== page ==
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How Can I Get Sole Custody in an Illinois Divorce?

 Posted on June 07, 2024 in Child Custody

IL family lawyerThere are two types of custody: child custody, which involves making decisions about the child, and physical custody, which is when the child is in his or her parent’s physical care. Illinois law refers to child custody as “parental responsibilities” and refers to physical custody as “parenting time.”

By default, the law prefers that both parents share parental responsibilities and parenting time more or less equally. The mother and father have equal rights to the child, and courts are very reluctant to interfere with those rights. Therefore, a judge will award sole custody to one parent only in certain cases. The best way to find out if you are eligible for sole custody is to consult an Illinois child custody lawyer.

When Do Courts Award Sole Custody?

In any custody trial, the court has two objectives: protect the child and preserve the rights of the parents. However, if those two objectives conflict, the court will protect the child. This means that if a parent is a threat to the well-being of his or her child, the court may restrict that parent’s rights.

Sometimes, a judge may award sole child custody to one parent, meaning that the parent has all the parental responsibilities and makes all major decisions for the child. Other times, if a parent presents a particularly serious threat to the child’s emotional, psychological, or physical well-being, a judge may also restrict that parent’s parenting time.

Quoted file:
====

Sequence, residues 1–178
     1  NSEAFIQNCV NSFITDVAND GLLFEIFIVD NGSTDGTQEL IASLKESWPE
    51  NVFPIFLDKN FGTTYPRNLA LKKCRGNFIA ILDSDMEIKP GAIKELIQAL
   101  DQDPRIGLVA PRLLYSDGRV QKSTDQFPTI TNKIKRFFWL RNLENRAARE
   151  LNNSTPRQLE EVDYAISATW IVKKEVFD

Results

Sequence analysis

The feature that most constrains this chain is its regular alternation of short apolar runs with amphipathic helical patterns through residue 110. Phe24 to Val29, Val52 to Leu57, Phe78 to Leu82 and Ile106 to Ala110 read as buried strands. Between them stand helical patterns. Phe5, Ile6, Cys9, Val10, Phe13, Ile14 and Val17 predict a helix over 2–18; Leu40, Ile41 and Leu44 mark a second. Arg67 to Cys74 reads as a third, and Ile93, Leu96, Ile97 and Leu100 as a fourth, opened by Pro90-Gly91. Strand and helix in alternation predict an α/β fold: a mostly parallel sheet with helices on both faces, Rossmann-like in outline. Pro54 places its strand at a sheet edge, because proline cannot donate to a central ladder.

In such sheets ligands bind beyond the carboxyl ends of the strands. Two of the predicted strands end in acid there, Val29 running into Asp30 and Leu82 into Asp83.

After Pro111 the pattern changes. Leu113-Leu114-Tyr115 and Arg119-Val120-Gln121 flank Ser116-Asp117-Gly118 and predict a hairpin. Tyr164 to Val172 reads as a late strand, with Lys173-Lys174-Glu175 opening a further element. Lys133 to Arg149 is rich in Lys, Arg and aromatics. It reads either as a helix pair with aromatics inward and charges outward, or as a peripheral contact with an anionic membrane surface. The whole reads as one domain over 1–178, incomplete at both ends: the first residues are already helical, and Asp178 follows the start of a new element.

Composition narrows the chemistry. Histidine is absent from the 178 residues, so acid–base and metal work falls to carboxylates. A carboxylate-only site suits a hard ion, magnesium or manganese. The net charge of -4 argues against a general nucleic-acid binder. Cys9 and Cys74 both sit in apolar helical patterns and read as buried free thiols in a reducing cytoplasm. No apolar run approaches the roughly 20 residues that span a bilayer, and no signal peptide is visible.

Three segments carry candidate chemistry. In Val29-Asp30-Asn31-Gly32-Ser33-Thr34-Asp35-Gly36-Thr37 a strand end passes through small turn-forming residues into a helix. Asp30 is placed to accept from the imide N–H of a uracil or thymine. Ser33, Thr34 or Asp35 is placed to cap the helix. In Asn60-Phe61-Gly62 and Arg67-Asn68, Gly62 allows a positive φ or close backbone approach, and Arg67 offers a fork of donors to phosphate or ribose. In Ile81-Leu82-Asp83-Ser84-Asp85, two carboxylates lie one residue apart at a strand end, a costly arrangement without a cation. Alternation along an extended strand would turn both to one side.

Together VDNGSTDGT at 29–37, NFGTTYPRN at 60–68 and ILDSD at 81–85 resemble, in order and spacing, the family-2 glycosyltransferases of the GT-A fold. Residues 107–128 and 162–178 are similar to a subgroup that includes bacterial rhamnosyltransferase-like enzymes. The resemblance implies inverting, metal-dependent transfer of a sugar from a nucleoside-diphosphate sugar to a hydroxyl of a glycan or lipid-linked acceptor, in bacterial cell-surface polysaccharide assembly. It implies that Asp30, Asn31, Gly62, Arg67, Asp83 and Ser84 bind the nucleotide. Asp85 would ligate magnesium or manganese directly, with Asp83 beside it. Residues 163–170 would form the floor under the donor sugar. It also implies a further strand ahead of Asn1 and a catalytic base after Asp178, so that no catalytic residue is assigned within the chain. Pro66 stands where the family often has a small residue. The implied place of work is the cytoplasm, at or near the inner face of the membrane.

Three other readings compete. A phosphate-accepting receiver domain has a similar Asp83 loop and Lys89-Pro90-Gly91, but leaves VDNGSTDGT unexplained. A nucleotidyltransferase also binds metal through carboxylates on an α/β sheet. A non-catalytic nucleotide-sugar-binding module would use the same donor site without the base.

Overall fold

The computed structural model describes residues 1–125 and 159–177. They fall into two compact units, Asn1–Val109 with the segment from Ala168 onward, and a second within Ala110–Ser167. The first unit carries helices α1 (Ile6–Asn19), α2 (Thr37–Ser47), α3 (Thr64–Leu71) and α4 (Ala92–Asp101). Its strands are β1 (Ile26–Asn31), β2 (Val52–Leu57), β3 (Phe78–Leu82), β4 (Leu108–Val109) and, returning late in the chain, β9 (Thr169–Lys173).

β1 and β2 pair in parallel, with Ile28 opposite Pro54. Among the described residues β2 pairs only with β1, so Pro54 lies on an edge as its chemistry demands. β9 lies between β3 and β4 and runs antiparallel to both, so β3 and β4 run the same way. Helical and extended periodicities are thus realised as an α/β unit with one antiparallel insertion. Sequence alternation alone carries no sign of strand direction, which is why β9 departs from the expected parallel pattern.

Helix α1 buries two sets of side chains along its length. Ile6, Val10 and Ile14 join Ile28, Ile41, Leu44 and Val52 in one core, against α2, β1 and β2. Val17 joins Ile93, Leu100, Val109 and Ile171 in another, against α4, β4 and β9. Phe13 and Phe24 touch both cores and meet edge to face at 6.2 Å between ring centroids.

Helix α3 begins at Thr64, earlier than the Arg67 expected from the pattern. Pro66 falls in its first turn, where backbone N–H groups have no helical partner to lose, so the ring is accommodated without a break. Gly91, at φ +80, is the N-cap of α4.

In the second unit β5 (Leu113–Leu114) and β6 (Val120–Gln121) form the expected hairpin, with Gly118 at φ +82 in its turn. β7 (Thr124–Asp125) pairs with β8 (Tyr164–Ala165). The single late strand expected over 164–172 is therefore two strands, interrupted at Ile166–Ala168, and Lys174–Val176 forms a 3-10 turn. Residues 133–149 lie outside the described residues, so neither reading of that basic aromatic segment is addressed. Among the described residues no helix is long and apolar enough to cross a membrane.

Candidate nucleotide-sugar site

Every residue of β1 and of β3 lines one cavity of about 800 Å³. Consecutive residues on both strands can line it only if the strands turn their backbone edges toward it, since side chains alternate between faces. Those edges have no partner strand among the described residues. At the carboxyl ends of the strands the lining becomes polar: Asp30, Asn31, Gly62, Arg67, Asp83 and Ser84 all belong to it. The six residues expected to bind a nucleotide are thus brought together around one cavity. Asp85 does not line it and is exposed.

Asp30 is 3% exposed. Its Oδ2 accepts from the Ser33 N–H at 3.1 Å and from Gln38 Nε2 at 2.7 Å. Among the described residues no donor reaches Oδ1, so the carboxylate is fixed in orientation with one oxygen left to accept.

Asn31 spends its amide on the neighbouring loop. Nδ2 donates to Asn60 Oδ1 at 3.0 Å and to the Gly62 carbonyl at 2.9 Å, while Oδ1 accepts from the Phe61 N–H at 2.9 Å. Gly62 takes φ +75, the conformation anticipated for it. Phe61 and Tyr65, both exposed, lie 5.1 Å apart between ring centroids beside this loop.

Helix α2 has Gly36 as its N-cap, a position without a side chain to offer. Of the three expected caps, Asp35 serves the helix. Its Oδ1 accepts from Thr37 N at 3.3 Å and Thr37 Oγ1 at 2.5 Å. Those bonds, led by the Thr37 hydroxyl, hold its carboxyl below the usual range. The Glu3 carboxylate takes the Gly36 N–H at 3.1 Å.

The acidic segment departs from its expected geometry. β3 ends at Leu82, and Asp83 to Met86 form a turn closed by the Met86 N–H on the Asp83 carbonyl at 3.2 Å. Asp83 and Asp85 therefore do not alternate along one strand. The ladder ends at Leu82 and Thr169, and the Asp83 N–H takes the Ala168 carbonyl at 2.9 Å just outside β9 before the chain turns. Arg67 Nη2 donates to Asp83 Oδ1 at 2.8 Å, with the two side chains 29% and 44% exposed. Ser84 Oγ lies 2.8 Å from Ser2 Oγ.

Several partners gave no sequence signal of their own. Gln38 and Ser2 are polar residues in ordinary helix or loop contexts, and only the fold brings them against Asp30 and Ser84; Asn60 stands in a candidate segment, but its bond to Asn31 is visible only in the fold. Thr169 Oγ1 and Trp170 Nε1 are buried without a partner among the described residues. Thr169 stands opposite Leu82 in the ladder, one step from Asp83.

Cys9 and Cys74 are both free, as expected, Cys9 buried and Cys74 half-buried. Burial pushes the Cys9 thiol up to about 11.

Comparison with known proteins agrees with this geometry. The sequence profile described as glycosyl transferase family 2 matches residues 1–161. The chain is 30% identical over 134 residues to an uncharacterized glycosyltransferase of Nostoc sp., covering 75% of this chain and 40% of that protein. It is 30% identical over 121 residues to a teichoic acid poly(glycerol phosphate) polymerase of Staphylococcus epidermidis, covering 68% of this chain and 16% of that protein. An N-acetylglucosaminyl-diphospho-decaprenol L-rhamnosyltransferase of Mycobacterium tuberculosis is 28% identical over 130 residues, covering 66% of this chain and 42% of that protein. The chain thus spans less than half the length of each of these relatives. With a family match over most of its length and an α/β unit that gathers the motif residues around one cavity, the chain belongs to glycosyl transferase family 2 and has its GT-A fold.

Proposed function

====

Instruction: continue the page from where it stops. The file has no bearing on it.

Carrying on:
In some cases, a judge will award sole custody to one parent if the other parent does not want to be involved in the child’s life.

How Do Judges Determine if a Parent is a Threat to the Child?

Courts look at several factors when determining how parental responsibilities and parenting time should be divided, such as:

  • The wishes of the child
  • The wishes of the parents
  • Each parent’s relationship with the child
  • Any reports of abuse or neglect
  • The living situation of each parent
  • Who is living with each parent
  • The child’s emotional, developmental, and physical needs
  • The ability of each parent to meet those needs
  • Each parent’s emotional, psychological, and physical health

Keep in mind that even if a judge determines that you should get sole custody of the child, your co-parent will likely still have visitation rights, or parenting time, with the child. A judge will only restrict a parent’s parenting time in certain cases, and even then the parent may still be allowed to have supervised visits with the child.

Contact a DuPage County, IL Child Custody Lawyer

Because Illinois law takes parental rights so seriously, it is not easy to get a judge to award sole custody. To do so, you will need to prove that the other parent is unfit to make decisions for the child. The best way to do that is by hiring an experienced Wheaton, Illinois child custody attorney. At A. Traub & Associates, we have experience in child custody cases, and we know what will convince a court to award sole custody to one of the parents. Call 630-426-0196 to tell our skilled attorneys about your case so we can work on getting you the best results possible.

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